Search "woman" in An Ideal Husband and you'll come by lots of zingers. "Women represent the irrational." "Women have a wonderful instinct about things. They can discover everything except the obvious." And can you believe it: "A man's life is of more value than a woman's." What's the deal? Well, in 1890s England, women simply weren't considered men's equals or colleagues in public life. An equal right to vote came in 1928. There are lots of unpleasant words about (and between) women in this play. But take a look at their actions. These women are aware of their power over men and they use it, whether for love or hate.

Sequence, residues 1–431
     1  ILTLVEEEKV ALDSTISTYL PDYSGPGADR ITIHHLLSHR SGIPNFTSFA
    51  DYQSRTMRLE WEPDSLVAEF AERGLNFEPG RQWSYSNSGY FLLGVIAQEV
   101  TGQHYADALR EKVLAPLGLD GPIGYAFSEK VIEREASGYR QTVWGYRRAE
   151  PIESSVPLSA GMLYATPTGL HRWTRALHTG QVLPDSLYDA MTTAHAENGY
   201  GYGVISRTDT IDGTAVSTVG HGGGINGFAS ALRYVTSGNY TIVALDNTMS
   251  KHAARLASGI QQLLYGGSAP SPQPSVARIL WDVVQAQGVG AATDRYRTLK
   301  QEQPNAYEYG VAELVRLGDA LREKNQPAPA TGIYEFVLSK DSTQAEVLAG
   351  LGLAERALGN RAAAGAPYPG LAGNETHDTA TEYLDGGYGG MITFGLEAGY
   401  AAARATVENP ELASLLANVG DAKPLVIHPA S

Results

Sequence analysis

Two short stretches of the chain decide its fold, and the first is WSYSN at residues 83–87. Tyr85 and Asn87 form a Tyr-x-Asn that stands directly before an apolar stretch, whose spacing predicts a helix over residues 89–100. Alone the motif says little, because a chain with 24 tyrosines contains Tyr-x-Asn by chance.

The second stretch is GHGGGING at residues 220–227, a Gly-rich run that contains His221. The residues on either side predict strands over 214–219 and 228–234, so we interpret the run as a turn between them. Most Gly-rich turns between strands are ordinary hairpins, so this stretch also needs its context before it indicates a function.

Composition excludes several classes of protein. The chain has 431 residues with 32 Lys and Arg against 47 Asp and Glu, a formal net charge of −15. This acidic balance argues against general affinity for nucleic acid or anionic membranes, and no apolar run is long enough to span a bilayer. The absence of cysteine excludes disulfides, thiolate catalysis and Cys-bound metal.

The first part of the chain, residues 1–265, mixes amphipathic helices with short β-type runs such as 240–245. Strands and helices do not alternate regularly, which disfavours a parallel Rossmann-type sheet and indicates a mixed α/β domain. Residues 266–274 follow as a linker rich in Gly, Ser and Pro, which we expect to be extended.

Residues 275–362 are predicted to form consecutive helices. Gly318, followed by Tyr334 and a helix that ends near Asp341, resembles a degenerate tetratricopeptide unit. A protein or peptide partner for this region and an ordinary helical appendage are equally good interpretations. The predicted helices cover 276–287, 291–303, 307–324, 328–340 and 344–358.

While men exert wider public influence in the play, women press their own agendas by manipulating men with sex and guilt.
While Lord Goring appears to be the play's most progressive character, he is in fact its most sexist.